The Department of Justice is set to disclose Wednesday the indictments of at least four people accused of carrying out cyberattacks at Yahoo, DOJ officials told NBC News.

A Wednesday morning news conference will focus on an attack “done with the backing of a nation-state,” the DOJ’s top official on national security told NBC News. Other agency officials say the nation involved is Russia.

Two members of FSB — the Russian intelligence agency — are among those charged, U.S. officials said.

Bloomberg first reported news of the indictments, saying that three of the suspects are believed to be in Russia, and one was in Canada. The Washington Post reported that the indictments would include two Russian spies and two criminal hackers.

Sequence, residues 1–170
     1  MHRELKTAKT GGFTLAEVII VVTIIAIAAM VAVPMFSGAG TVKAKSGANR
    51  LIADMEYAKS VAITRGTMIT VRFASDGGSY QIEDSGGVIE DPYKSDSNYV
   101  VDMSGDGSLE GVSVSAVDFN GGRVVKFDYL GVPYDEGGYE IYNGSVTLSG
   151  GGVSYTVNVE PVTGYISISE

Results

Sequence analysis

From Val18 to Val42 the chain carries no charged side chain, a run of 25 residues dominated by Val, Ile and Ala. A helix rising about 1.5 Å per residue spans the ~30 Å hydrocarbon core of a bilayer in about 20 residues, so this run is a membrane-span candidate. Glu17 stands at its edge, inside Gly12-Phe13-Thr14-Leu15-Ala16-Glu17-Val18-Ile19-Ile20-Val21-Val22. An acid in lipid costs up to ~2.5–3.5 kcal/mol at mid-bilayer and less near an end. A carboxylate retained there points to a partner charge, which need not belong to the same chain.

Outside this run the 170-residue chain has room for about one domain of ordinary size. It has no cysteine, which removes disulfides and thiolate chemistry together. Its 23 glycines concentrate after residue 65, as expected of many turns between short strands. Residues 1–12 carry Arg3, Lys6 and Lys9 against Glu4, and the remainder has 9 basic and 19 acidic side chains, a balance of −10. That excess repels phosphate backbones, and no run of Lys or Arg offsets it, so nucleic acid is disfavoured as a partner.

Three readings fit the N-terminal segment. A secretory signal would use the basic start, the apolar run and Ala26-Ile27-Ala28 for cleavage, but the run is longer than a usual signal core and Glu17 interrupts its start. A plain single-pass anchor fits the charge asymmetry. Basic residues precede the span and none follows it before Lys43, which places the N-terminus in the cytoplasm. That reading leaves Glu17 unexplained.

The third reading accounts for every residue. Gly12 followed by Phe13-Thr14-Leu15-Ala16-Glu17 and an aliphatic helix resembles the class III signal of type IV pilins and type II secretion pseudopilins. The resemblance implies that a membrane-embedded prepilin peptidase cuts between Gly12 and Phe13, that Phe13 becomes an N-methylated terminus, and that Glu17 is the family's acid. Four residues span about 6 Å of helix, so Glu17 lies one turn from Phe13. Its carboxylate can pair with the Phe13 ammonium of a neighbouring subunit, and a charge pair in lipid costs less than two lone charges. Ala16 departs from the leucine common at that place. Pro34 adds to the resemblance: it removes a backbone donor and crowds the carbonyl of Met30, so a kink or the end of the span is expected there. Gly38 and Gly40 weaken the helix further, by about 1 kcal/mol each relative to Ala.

Yahoo disclosed two separate data breaches last year, both among the biggest in history. A 2013 attack revealed in December affected more than 1 billion user accounts. In a separate 2014 attack, disclosed in September, information was stolen from at least 500 million user accounts.

Verizon agreed to buy Yahoo before the breaches were publicly disclosed. In February, Verizon cut $350 million from its purchase price for Yahoo. Earlier this month, Yahoo CEO Marissa Mayer said she would forgo her annual bonus in the wake of the incidents.

Yahoo’s top lawyer, Ronald Bell, resigned from the company, after the board of directors concluded that Yahoo’s legal team did not sufficiently pursue information about the hacks.

— Reporting by NBC’s Pete Williams. Written by CNBC’s Anita Balakrishnan.